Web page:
My Name Is Lucy Barton
by Elizabeth Strout
Reviewed by John Francis Leonard
[dropcap]I[/dropcap]n her short but stunning new novel, My Name Is Lucy Barton, Elizabeth Strout returns to one of her strengths, her beautifully drawn and fully realized female protagonists. It isn’t that she writes her male characters badly—the Pulitzer Prize-winner writes nothing badly—but more that her female ones become so dear to us by the end of her books. And, not only are the two main characters here female, they are a mother and daughter with a less-than-easy relationship, another theme explored by Strout in the past, especially in her moving piece Amy and Isobelle. The relationship’s resolution, although unusual, is the main premise of the book.
This novel takes place entirely in a hospital room where Lucy Barton, aspiring writer and mother of two, is recovering from a serious post-operative infection. Lucy has triumphed over a a difficult childhood of abject poverty and bad parenting. Abuse is inferred, but never spoken of clearly. She has built a successful life and family for herself regardless of this rough start. The mother with whom Lucy has a distant and strained relationship suddenly appears, called on by Lucy’s husband, and parks herself in a chair at the foot of Lucy’s bed for a week. They’ve barely spoken in years. Her mother is a seemingly cold and difficult woman, but Strout imbues her with a humanity that often redeems her.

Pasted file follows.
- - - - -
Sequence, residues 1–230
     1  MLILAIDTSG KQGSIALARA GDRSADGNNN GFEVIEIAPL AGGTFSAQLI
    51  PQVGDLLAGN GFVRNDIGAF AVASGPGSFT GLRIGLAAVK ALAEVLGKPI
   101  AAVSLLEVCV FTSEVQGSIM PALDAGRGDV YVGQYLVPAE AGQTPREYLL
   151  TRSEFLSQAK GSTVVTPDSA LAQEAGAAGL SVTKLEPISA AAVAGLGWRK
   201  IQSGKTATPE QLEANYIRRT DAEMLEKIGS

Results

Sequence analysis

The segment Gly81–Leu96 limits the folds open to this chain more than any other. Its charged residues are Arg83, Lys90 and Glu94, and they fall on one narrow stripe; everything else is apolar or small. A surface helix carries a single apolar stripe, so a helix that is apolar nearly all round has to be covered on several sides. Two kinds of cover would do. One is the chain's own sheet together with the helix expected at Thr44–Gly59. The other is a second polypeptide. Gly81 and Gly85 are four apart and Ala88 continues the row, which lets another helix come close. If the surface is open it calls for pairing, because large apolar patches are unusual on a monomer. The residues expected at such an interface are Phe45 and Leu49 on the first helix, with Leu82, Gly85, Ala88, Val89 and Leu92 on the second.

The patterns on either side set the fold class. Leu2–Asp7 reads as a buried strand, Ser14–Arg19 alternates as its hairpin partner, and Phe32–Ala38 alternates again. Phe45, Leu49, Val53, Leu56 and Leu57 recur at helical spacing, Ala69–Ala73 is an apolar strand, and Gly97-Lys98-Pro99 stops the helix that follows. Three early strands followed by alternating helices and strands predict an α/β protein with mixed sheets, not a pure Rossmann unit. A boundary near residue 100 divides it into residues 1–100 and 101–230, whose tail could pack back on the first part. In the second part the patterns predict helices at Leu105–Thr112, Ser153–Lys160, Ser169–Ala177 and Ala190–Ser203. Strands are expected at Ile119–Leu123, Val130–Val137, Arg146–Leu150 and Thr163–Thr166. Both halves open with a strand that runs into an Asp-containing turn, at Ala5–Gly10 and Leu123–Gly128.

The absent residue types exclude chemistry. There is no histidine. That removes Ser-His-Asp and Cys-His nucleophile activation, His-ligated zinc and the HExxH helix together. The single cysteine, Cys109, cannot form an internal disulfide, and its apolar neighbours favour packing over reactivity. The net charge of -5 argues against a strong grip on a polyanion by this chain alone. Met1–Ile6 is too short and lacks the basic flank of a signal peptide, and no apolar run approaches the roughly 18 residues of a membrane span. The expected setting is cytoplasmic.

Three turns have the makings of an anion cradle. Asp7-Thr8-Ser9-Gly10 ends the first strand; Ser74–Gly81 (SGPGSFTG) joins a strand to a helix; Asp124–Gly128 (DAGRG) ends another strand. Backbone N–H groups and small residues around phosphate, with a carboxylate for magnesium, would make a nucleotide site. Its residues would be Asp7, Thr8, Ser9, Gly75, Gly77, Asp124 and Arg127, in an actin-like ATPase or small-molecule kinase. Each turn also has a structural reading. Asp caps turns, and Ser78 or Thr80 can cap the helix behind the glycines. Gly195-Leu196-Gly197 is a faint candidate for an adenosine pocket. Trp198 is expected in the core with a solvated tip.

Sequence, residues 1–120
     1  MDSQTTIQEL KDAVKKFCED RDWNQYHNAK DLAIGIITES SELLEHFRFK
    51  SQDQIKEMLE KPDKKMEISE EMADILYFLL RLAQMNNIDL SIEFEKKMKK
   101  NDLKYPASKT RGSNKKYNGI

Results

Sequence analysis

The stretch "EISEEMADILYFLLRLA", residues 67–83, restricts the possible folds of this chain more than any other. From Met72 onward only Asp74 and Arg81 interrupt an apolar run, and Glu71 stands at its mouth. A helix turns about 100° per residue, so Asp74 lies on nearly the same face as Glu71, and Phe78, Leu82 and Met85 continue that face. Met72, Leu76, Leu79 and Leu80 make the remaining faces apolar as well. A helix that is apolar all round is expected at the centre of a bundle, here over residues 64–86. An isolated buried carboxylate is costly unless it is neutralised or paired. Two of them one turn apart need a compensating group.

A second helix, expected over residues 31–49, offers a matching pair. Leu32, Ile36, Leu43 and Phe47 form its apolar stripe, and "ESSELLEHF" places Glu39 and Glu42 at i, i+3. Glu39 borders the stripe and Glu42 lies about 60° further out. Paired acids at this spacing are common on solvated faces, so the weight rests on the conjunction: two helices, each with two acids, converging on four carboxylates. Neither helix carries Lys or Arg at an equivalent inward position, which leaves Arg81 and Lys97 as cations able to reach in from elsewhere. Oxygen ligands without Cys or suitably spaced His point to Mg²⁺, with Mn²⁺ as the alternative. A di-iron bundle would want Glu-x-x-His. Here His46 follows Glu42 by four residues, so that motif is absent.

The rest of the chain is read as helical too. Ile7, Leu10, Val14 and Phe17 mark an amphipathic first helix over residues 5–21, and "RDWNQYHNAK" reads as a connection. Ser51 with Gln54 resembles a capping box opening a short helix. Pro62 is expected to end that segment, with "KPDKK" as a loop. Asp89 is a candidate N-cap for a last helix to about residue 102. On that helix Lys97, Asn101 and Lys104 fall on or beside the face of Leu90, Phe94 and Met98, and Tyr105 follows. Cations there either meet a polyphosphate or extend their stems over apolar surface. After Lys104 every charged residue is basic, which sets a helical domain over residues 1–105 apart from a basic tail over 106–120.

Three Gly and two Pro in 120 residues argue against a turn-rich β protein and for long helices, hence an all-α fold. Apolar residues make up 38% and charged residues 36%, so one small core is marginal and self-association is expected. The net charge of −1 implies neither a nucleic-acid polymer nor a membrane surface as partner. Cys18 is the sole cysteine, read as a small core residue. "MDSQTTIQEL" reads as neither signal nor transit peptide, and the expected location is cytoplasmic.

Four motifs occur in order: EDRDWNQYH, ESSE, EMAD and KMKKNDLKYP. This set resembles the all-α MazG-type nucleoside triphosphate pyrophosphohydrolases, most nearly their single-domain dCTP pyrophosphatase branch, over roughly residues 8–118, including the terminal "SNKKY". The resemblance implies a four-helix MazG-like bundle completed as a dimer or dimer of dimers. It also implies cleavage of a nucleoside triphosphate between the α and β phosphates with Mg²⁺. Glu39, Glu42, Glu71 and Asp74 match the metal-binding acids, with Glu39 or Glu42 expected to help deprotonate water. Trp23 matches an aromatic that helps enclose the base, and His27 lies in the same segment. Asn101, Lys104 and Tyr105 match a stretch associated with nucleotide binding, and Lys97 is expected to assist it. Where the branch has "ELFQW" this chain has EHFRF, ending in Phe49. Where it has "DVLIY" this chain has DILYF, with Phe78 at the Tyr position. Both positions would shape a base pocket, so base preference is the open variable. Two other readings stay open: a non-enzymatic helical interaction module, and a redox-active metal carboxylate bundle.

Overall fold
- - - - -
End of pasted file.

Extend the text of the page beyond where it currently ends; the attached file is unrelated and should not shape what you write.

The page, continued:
The story is set during the early eighties in New York City’s West Village and takes place in a hospital, so Lucy is a frequent observer of the AIDS crisis. A difficult childhood and a tough mother have made Lucy a sensitive person and a compassionate observer of the gay community and its decimation. In fact, Strout has made AIDS and its impact on a community almost an ancillary character in this novel. The dying but brave men walking her neighborhood and isolated in the hospital affect Lucy deeply. As a young man in New York just a few years later than the when the novel is set, I observed and knew some of these same men. Strout writes of them so evocatively that I can’t help but think she does so from personal experience. AIDS is not the central theme of this piece, but it provides an important piece of the background and Lucy’s response to the crisis tells us much about its main character.
John Francis Leonard has enjoyed a lifelong love of books.